Wednesday, June 28, 2017

Changtang Silence - June 2017

Changtang Peaks notes. 
There is something beyond what I have seen. I am in Delhi now after completing the 2017 Changtang Peaks Exploratory. It was a well rounded trip complete with cultural interaction with the Changpa nomads, a 6000 meter remote summit climb, an introduction to multi-pitch rock climbing (for those that were interested), and a downhill mountain bike trip from the 5300 meter Khardung pass.
Phuntsok, Kunsang, and Gomba trekking to base camp. We have worked together as a team continuously for four years now.

Approaching base camp with thunderstorm skies one afternoon.

Making Italian bruschetta with freshly made bread, yak cheese, olive oil, tomatoes, and sauteed garlic.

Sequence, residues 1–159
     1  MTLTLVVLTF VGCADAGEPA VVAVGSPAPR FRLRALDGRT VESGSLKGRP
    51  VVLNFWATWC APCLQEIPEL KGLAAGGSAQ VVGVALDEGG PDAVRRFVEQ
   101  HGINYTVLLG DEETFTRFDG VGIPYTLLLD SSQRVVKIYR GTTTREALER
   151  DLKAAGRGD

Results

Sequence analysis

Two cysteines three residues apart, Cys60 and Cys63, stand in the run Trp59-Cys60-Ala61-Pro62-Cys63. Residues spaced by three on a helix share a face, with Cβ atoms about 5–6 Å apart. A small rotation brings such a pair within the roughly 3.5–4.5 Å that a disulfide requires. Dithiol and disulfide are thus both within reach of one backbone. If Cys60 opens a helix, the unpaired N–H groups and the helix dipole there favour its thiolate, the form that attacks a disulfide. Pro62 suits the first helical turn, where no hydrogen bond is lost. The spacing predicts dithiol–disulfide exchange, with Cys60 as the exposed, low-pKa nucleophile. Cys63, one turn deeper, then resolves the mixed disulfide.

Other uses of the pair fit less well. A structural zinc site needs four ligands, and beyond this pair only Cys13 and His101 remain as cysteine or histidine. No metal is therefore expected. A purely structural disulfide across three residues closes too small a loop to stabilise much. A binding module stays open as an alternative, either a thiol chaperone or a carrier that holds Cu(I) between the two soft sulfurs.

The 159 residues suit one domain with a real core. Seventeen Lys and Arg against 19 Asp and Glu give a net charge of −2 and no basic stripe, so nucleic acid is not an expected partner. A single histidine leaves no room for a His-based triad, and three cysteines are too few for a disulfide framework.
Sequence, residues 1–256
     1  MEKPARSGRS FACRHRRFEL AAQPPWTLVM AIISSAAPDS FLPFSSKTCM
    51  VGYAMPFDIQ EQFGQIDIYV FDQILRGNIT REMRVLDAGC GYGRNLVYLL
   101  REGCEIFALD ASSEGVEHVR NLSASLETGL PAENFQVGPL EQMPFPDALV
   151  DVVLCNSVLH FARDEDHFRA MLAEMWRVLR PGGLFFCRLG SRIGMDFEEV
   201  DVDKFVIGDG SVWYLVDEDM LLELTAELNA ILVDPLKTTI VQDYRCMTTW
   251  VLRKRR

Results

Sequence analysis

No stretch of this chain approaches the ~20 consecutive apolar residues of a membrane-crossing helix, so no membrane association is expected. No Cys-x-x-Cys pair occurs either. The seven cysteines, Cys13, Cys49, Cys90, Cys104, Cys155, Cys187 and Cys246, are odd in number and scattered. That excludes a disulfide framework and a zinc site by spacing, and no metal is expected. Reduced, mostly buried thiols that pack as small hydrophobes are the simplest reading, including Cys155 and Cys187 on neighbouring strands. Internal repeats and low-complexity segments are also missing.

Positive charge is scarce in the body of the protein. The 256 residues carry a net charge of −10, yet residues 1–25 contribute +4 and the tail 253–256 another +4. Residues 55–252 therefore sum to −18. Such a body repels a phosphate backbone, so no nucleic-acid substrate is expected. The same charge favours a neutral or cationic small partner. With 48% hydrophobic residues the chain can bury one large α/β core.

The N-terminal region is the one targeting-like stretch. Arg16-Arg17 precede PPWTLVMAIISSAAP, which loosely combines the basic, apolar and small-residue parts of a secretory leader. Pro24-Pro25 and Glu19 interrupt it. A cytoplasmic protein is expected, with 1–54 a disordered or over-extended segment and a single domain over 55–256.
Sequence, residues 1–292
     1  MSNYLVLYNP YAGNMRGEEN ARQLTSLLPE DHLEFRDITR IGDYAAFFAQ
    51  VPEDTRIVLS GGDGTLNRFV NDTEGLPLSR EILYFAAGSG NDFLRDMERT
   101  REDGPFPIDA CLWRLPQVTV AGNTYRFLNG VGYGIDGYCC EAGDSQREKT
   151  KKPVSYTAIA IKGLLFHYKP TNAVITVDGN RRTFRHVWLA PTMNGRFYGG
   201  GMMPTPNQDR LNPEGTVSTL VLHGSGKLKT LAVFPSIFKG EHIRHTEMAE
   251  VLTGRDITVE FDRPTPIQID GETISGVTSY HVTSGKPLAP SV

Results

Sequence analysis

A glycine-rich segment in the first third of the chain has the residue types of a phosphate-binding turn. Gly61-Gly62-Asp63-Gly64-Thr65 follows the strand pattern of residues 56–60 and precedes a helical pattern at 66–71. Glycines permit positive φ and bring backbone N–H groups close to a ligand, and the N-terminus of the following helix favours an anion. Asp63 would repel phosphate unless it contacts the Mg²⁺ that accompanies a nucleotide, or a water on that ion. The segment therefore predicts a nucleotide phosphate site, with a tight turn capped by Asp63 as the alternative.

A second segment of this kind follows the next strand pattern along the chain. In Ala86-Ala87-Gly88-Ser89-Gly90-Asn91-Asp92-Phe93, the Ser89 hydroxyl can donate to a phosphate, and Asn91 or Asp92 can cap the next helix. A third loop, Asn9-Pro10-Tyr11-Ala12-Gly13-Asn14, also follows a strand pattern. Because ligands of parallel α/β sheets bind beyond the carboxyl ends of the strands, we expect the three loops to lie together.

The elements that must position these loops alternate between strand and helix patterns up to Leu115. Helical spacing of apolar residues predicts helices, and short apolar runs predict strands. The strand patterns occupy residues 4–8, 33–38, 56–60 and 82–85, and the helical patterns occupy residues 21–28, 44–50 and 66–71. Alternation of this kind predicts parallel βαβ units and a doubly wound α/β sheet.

Peak objectives that still await for future seasons.

A snowy morning at base camp.

Pema and Gyatso. It is our second season working with them and their team of twelve horses. Sometimes we work with Ram Lal and Sanjay from Kullu.

The team celebrating with a glass of wine at the end of the expedition in our simple dining tent.

The horsemen stay in their own parachute tent. Here they are getting ready to walk towards the start of our next trek in the Stok range.

Beautiful mountains to the East of Lake Tsomoriri, with Changpa nomads camping with their flocks in the foreground. This is Peldo, one of our camps while on the Changtang Peaks Exploratory.

Loading up camp to head back to Leh. Here you can see our gear truck, the green tents that each trekker gets on our summer lightweight trips in Ladakh, and views of Lake Tsomoriri in the background.

Chris Trafford making friends with shepherds.